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Can China Crash U.S. Pivot Party? (Page 2 of 3)

So how could – and should – China respond?  Beijing certainly has a number of diplomatic, military and strategic tools at his disposal if it wishes to negate U.S. plans, and Beijing policymakers must be prepared for any flare-ups over Taiwan, the South China Sea or on trade issues.

A good start would be for China to rebuild goodwill with its neighbors by showing some flexibility over regional disputes. Above all, China would do well to consider a multilateral framework to resolve the territorial disputes in the South China Sea.  With significant natural resources and fishing rights at stake, every nation in the region has an interest in resolving such issues peacefully. China would be much better served by rethinking its expansive claims and committing to a peaceful negotiated settlement to all outstanding issues. China could also strongly suggest, via diplomatic channels that extend beyond current measures in place, that claimant nations do more to explore the joint development of important natural resources in disputed areas. Some progress has been made here, but all claimants deserve to know how much potential wealth there is beneath the sea, and how much it would cost to develop such resources. A carefully crafted and clear strategy could win China key allies in the region.

One of the reasons many in the Asia-Pacific welcome the U.S. pivot is the ambiguity of Chinese intentions. Beyond the eloquent but often meaningless pronouncements of a “peaceful rise,” a lack of transparency, especially over the military, leaves diplomats in the region wondering about China’s real ambitions. China’s neighbors look at new weapons platforms such as aircraft carriers and anti-ship missiles and court the United States as a balancer to complement their own military capabilities. Beijing could ease tensions by boosting the exchange of military officers with countries like Vietnam and the Philippines, and conducting joint military operations. Nothing creates a sense of stability and reassurance like transparency.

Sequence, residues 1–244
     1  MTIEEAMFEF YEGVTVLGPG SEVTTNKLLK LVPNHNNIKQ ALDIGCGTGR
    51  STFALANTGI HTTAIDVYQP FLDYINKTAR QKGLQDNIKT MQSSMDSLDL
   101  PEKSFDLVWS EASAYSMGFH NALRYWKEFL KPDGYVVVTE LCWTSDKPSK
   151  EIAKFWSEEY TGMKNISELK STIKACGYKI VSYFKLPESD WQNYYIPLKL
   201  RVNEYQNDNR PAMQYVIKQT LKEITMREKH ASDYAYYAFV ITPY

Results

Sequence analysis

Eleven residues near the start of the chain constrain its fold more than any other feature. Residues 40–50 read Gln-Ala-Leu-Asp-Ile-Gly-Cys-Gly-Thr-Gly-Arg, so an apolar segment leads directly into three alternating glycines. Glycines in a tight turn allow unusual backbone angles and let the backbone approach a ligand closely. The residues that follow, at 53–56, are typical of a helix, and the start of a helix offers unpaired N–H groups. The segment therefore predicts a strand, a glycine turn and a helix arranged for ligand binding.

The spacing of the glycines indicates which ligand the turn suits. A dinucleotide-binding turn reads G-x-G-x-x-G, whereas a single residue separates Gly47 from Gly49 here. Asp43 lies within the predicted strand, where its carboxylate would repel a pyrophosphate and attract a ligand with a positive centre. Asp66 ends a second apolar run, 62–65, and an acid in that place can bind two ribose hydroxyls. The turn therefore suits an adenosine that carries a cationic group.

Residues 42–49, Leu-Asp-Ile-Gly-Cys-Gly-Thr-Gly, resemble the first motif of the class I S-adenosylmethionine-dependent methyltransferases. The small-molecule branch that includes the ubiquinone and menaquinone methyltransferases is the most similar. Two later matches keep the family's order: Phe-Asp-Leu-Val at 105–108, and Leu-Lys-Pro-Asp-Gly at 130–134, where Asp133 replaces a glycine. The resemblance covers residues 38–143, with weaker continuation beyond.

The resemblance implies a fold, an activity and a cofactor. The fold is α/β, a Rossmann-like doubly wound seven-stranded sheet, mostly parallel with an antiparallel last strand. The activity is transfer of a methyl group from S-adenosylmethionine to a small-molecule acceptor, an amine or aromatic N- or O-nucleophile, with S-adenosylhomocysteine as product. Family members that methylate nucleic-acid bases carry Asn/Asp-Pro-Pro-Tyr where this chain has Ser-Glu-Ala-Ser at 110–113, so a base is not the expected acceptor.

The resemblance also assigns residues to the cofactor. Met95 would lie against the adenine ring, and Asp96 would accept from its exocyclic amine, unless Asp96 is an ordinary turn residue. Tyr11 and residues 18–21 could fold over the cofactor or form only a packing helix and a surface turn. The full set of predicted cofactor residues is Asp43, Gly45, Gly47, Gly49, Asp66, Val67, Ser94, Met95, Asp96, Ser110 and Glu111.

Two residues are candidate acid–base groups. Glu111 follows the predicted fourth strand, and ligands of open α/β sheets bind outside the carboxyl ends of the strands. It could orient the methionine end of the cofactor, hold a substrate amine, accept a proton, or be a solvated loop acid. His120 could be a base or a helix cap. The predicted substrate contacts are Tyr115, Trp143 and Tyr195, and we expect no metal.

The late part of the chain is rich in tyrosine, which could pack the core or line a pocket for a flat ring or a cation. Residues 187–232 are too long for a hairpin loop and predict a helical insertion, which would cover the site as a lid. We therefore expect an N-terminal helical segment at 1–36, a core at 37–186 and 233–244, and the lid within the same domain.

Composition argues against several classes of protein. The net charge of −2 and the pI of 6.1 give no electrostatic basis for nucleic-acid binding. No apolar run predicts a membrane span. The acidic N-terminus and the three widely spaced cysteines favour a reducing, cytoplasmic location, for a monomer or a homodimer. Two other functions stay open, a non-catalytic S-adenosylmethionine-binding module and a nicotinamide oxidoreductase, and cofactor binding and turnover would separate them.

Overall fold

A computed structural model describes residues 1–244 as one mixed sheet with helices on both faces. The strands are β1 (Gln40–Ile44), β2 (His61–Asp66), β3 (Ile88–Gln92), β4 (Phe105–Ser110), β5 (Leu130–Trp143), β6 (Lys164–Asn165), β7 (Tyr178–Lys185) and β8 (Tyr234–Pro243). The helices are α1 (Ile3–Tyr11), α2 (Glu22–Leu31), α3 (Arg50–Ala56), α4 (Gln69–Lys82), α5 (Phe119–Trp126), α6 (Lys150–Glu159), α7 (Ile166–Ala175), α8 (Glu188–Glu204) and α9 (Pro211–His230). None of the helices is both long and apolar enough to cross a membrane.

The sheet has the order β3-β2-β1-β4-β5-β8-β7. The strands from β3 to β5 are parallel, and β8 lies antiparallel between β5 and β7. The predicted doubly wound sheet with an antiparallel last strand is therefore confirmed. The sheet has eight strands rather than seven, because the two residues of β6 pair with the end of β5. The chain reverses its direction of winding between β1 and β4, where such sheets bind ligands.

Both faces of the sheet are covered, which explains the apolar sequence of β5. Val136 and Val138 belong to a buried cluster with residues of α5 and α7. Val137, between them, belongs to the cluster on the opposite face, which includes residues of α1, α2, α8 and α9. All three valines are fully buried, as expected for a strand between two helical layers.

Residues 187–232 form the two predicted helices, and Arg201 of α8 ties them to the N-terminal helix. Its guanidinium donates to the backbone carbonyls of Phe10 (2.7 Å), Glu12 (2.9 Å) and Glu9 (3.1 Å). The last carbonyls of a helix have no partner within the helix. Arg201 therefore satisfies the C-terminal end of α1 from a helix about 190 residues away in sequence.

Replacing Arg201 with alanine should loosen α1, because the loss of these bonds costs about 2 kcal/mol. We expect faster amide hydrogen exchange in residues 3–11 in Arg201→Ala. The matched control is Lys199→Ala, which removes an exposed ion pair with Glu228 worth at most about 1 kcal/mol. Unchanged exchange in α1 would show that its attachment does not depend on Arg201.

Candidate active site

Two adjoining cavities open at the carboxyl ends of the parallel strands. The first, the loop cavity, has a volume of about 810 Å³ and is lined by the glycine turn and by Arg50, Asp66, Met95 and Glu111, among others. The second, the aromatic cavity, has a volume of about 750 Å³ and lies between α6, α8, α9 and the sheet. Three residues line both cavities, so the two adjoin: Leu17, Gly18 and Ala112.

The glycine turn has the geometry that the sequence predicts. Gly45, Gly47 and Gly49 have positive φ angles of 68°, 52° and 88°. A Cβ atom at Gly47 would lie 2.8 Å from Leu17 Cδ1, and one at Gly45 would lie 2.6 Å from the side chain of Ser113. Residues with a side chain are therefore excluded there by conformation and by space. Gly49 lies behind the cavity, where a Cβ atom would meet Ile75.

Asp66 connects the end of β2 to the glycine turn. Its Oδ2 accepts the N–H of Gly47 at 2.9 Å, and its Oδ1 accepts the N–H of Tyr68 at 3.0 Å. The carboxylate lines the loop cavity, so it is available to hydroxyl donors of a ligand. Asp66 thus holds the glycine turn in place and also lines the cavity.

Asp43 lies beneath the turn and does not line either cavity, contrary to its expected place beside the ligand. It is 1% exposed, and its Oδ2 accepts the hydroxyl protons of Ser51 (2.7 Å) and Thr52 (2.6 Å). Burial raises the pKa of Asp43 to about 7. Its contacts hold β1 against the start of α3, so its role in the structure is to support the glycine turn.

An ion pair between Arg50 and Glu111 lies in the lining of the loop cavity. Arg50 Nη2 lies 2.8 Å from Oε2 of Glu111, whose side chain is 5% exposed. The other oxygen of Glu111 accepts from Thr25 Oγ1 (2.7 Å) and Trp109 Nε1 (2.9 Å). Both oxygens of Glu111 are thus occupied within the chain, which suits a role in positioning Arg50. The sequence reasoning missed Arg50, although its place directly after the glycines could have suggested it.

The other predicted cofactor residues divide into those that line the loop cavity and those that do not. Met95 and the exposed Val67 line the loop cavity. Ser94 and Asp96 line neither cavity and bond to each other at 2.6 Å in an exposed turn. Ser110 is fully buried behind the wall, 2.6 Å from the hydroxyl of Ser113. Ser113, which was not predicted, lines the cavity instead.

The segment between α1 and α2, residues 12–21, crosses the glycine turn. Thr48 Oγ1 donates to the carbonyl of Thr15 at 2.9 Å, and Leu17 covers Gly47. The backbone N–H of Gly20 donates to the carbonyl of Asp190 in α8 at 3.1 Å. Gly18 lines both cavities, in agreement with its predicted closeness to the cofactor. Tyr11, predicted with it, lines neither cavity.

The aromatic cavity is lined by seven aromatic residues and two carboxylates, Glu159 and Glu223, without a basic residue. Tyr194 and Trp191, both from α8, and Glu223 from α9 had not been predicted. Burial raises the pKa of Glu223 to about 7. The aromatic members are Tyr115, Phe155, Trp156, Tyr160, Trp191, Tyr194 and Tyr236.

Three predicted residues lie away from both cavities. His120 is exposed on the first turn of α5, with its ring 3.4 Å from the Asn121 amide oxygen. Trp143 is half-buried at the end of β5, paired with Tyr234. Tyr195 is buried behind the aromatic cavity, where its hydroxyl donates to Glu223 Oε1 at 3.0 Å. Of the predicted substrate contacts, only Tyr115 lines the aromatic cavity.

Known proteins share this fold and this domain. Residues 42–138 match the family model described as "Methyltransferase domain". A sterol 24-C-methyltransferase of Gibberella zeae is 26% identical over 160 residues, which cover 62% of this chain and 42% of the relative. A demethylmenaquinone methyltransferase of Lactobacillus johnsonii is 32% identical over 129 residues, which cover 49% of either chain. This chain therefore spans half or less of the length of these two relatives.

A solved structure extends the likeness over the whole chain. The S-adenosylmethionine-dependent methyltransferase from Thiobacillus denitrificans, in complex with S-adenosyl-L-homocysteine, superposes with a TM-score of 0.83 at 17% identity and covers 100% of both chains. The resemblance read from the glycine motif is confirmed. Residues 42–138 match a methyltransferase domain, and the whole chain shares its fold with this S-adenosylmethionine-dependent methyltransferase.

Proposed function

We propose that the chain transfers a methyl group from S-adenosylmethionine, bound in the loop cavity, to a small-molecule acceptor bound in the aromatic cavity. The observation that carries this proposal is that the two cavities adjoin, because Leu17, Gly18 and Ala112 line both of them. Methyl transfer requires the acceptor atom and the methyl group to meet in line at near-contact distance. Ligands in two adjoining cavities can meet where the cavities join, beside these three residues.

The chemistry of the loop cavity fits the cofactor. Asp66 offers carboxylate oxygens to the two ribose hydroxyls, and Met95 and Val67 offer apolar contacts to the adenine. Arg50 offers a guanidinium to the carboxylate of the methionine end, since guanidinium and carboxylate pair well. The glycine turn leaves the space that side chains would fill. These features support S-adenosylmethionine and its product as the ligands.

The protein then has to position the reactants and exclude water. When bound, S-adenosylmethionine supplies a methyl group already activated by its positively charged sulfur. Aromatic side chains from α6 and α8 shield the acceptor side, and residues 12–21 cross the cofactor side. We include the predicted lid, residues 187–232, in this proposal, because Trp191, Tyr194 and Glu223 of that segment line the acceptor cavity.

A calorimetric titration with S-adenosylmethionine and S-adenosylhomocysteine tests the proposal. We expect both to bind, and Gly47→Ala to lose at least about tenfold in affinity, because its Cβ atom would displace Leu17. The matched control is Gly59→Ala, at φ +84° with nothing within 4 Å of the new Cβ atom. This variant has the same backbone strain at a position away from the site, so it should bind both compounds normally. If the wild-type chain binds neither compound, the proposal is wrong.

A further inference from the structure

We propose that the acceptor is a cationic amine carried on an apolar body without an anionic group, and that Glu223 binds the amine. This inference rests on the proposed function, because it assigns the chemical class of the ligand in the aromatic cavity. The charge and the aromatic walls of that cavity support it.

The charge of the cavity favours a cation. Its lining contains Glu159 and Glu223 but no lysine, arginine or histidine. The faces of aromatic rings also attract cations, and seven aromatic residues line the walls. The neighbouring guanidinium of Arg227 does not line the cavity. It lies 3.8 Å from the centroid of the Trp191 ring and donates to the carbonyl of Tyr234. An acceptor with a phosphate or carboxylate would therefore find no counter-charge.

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Attempts must also be made to reduce tensions with China’s largest regional competitor, India. Beijing could start by launching a serious diplomatic effort to engage India in resolving long standing border issues that have plagued relations for far too long. This may mean China taking the initiative with New Delhi. Progress has been maderecently, but with India seemingly moving to upgrade its military capabilities and considering eyeing closer relations with the United States, it’s in China’s own interests to show that New Delhi doesn’t need to turn to the U.S. for support. If this means downgrading its “all-weather friendship” with Pakistan, then so be it.

But China should also look outside the Asia-Pacific and Indo-Pacific region to ensure the U.S. pivot doesn’t turn into encirclement. Robust support of Europe in its time of crisis would be a useful step, and while Chinese investment in places like Africa and Latin America is controversial, it is often far more complex than portrayed in the Western media.

So far, Chinese leaders have only paid lip service to assisting Europe. But how could China come to the EU’s aid? Fareed Zakaria has an interesting idea on this very issue. “The International Monetary Fund could go to the leading holders of such reserves – China, but also Japan, Brazil and Saudi Arabia – and ask for a $750 billion line of credit. The IMF would then extend that credit to the troubled EU economies, but insist on closely monitoring economic reforms, granting funds only as restructuring occurs,” he argues. “That credit line would more than cover the borrowing costs of both Italy and Spain for two years. The IMF terms would ensure that the two nations remained under pressure to reform and set up conditions for growth.”

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